So, what about the filtering? Well, if you add a query string to the end of the URL, Tableau will parse it when loading the viz. The general structure of this query string should be:

Filter=Value   or    Filter=Value1,Value2,Value3

So, to link directly to the Who are They? tab and have it filtered to where Department is Psychology, the URL would be:

Once I looked into it, this was actually easier than I thought it would be. You can also do this with the URL action for dashboards and pass user selected values of a filter in which case the query string would look something like:


This KB article from Tableau is worth checking out since it goes more in depth than I have here.

Hierarchies and Dynamic Views with Parameters

Recently a co-worker was asking me about dates and how to handle semesters. What he wanted was the ability to expand a year to show semesters in the same way that years can be expanded into quarters. Basically this was a question of creating a custom hierarchy, and I thought it’d make a good how-to that post for here as well.

For this example, I’m using the “Hierarchies and Parameters” workbook I have posted on Tableau Public at:

Our first goal is to identify which dimensions we want to use to create the hierarchy. In many cases these dimensions might already exist in your data, but for purposes of this example I actually created two calculated fields based on existing dimensions.

The first is Fiscal Year which is just the year prefixed with FY so it’s more apparent we are looking as fiscal rather than calendar years.

Fiscal Year:

“FY”+str([TxSt FYear])

The second calculated field combines the semesters of Summer I and Summer II into Summer for consistency with how we are now reporting the data. (In the past we reported summer terms separately.)

Fiscal Semester:

if left([TxSt Semester],4)=”Summ” then “Summer”
else [TxSt Semester]

Luckily alphabetical order works for sorting the semester, but if not we could change its default sort order to get things appear correctly.

The final step (and really all that is required to create a hierarchy) is to drag [Fiscal Semester] onto [Fiscal Year]. I then did the same thing with [Course College] and [Department].

Now for the catch…

One thing to remember is that option to expand/drill down in the hierarchies will not always be obvious to the end user. So, it might work well at design time but we might want another option to get this functionality to end users. So, here’s a way to do something similar using parameters…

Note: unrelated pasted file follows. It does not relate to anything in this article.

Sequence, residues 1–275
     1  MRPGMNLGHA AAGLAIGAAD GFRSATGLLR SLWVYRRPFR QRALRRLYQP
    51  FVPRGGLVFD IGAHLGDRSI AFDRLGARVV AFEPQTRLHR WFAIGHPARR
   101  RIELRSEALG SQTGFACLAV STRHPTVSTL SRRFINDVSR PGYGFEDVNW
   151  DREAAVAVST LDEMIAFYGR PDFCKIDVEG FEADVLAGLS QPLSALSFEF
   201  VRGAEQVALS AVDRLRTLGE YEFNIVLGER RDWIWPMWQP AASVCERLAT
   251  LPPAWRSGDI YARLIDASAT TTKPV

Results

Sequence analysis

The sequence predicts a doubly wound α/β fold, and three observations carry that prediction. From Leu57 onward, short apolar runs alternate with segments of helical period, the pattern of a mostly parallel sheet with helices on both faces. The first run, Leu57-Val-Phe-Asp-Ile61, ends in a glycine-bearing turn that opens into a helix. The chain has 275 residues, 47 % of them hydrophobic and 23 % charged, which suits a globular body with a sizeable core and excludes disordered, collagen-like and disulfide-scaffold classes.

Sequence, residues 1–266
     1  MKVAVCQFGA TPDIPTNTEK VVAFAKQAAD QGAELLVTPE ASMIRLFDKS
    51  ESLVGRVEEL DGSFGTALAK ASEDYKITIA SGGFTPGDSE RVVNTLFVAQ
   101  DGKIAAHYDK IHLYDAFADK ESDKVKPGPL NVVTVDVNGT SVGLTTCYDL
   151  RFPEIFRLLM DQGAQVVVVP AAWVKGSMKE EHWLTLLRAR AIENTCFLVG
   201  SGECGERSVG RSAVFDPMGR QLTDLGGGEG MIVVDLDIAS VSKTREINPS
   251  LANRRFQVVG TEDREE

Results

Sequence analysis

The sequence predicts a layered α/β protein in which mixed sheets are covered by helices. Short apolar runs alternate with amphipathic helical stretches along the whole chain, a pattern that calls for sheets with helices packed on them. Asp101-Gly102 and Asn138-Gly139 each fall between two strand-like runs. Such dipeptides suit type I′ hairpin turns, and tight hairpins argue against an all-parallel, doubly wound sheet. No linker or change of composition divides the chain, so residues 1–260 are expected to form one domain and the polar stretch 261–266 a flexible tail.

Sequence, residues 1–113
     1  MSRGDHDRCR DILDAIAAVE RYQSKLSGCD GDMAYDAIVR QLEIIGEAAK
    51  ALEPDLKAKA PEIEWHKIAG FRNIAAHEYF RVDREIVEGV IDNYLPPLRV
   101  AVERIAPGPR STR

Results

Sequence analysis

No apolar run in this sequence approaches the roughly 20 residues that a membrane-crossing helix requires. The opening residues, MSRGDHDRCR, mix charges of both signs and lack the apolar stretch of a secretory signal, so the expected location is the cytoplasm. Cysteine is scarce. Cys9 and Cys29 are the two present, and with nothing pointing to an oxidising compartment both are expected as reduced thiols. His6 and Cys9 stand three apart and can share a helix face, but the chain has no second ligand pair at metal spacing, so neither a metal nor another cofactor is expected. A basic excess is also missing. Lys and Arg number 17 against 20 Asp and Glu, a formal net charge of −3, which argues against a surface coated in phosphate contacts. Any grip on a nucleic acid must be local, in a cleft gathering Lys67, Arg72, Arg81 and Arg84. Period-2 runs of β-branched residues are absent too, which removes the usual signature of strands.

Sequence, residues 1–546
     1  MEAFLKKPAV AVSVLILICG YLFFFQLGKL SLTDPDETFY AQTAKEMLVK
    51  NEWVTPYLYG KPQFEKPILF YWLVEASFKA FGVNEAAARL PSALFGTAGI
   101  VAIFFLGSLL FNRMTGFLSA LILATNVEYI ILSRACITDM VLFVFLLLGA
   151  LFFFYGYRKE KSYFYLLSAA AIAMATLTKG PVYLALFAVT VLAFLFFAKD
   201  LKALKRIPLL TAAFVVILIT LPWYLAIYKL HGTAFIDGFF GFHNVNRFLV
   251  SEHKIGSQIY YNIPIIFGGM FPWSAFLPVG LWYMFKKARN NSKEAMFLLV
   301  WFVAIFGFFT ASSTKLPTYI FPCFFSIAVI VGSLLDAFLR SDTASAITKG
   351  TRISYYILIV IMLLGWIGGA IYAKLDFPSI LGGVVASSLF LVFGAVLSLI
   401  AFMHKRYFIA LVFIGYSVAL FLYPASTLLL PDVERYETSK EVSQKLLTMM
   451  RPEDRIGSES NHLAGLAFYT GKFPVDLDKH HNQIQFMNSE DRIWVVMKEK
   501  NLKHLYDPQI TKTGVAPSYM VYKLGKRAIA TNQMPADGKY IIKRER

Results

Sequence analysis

The Parameters worksheet shows examples of that “dynamic” functionality if we aren’t able to use the drill down of hierarchies in the final version but want something similar to it. To do this, I created a parameter (Show Departments?) and a calculated field (Department). The [Show Departments?] parameter is a simple Boolean set to Yes or No. The formula for the “Department” measure is:

if [Show Departments?]=TRUE then [Course Dept]
else “(All Depts)”

Basically if we’re showing departments then it’s the name of the department otherwise it shows as “(All Depts)”. The same process can then be used for semesters, which I’ve done in the example.

Of course, this approach isn’t perfect either because it “expands” the height (or width) of the table based on which elements are shown. This makes visual layout difficult on a dashboard, and even the “fit to” options might not work depending on how big the table ends up being once everything is expanded.

So, although the approach isn’t perfect, hopefully it gives you some ideas.



Tableau Licensing and Installation on Multiple Machines

This shouldn’t come as a surprise to anyone who has read the EULA for Tableau (you did read it, right?), but to help some people out I thought I would point to this helpful FAQ on their website about licensing and the number of installations: